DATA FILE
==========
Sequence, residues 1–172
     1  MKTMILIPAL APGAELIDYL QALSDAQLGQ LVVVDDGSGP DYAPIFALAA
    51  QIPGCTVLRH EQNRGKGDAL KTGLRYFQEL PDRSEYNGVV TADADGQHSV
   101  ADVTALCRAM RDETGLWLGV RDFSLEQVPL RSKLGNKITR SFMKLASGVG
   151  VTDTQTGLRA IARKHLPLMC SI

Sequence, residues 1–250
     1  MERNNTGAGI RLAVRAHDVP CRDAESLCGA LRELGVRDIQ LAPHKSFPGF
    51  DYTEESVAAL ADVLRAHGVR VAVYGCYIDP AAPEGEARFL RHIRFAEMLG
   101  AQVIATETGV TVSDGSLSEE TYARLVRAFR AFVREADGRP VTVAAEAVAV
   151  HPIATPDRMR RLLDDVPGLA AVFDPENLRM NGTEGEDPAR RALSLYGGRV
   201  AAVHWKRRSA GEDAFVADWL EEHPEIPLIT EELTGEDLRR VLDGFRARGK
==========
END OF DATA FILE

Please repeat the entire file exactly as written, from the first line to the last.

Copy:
Sequence, residues 1–172
     1  MKTMILIPAL APGAELIDYL QALSDAQLGQ LVVVDDGSGP DYAPIFALAA
    51  QIPGCTVLRH EQNRGKGDAL KTGLRYFQEL PDRSEYNGVV TADADGQHSV
   101  ADVTALCRAM RDETGLWLGV RDFSLEQVPL RSKLGNKITR SFMKLASGVG
   151  VTDTQTGLRA IARKHLPLMC SI

Sequence, residues 1–250
     1  MERNNTGAGI RLAVRAHDVP CRDAESLCGA LRELGVRDIQ LAPHKSFPGF
    51  DYTEESVAAL ADVLRAHGVR VAVYGCYIDP AAPEGEARFL RHIRFAEMLG
   101  AQVIATETGV TVSDGSLSEE TYARLVRAFR AFVREADGRP VTVAAEAVAV
   151  HPIATPDRMR RLLDDVPGLA AVFDPENLRM NGTEGEDPAR RALSLYGGRV
   201  AAVHWKRRSA GEDAFVADWL EEHPEIPLIT EELTGEDLRR VLDGFRARGK